Summary: Fleur Daxeny is beautiful, unscrupulous, and has a large wardrobe of black designer suits. With the help of The Times announcements page she gate-crashes the funerals of the wealthy, preying on rich vulnerable men. She charms her way into their lives and onto their platinum cards, takes what she can and then moves swiftly on.

When Richard Favour, a dull but wealthy businessman, meets Fleur at his wife's memorial service, he's bowled over. Gradually Fleur works her spell on Richard's reserved and stilted family - transforming their lives while she moves in on their wealth. She finds herself lingering longer than she meant to, becoming involved in the family - but as Fleur rifles through Richard's files, it becomes clear that she is not the only one after his money.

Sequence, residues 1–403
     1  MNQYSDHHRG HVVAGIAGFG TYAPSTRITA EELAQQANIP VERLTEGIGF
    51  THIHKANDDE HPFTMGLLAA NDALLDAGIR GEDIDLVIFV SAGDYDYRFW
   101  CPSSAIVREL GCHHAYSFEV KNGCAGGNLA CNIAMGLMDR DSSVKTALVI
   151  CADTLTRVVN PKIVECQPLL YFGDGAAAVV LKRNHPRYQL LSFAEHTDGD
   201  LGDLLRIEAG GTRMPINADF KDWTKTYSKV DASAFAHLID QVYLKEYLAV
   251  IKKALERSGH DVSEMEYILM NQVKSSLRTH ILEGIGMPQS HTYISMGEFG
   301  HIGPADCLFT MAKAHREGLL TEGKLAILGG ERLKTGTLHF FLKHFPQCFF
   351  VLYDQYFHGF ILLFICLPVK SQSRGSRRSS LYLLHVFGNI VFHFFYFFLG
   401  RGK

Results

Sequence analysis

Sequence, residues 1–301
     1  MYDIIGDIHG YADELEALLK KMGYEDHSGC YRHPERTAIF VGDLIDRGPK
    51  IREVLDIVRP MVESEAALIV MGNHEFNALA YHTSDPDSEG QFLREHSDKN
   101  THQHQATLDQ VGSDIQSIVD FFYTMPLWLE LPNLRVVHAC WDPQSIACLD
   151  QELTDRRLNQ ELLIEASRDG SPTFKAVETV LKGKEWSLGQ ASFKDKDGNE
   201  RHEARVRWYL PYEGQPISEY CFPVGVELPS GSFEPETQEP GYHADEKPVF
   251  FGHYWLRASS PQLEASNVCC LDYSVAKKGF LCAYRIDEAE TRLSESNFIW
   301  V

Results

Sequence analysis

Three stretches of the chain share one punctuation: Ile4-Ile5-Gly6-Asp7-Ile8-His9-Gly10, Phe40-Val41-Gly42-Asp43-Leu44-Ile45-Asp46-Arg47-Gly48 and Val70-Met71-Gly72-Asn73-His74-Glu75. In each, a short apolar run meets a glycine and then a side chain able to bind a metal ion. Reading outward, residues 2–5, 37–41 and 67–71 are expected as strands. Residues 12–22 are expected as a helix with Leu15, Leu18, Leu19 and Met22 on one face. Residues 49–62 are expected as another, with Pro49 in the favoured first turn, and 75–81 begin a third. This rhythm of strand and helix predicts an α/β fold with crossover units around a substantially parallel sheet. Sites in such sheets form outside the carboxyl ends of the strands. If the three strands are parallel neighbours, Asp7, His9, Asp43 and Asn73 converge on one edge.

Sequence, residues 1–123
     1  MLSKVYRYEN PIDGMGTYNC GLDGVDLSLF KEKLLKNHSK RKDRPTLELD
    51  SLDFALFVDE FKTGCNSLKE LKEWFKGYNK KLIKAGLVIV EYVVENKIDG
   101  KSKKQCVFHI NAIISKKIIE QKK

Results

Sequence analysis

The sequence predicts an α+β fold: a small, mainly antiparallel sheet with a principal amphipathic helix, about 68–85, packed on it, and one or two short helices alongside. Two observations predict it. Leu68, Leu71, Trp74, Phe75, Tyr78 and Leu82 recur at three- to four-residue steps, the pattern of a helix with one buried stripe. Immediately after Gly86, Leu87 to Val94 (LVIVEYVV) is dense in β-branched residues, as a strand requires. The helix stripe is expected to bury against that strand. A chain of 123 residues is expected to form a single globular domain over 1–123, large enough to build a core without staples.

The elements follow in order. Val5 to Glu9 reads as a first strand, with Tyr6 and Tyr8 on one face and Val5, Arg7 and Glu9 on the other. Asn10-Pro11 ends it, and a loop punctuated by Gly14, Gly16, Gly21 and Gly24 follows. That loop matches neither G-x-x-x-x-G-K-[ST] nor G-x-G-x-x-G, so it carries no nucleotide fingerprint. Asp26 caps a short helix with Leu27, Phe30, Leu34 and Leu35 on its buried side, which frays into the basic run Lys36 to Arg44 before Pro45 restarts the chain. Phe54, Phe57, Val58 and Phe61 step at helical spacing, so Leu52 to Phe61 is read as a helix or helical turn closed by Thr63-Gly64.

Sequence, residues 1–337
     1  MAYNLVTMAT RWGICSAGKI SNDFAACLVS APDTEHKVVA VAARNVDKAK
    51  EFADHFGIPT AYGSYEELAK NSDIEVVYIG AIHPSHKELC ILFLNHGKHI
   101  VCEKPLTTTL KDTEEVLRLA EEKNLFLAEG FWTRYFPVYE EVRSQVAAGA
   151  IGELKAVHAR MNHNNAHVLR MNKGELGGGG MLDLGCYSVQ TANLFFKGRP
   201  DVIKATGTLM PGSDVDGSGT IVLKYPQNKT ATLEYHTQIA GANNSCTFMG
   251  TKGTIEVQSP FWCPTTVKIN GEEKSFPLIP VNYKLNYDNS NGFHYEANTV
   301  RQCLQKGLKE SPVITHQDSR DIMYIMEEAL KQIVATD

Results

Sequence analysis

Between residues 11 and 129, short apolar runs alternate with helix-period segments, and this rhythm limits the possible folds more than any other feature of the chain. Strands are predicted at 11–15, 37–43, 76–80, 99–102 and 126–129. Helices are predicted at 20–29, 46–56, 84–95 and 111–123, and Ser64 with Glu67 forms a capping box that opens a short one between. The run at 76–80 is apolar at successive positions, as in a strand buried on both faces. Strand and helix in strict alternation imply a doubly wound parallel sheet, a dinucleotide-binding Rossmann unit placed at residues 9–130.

Recommended Reading:
Cocktails for Three by Madeleine Whickham
Twenties Girl by Sophie Kinsella
Queen of Babble in the Big City by Meg Cabot
The Wedding Girl by Madeleine Whickham
Second Chance by Jane Green
The Importance of Being Married by Gemma Townley

Sunday, June 30, 2013

Sticky Faith

Sticky Faith: Everyday Ideas to Build Lasting Faith in Your KidsSticky Faith: Everyday Ideas to Build Lasting Faith in Your Kids by Kara Powell
My rating: 3 of 5 stars

This was an insightful look into how to keep not just your kids, but kids in general in the church. I liked that this was backed up by research and what the real world had to say. It didn't shy away from the reality that our kids live in. I think this is positive reinforcement for anyone working with youth groups or teenagers.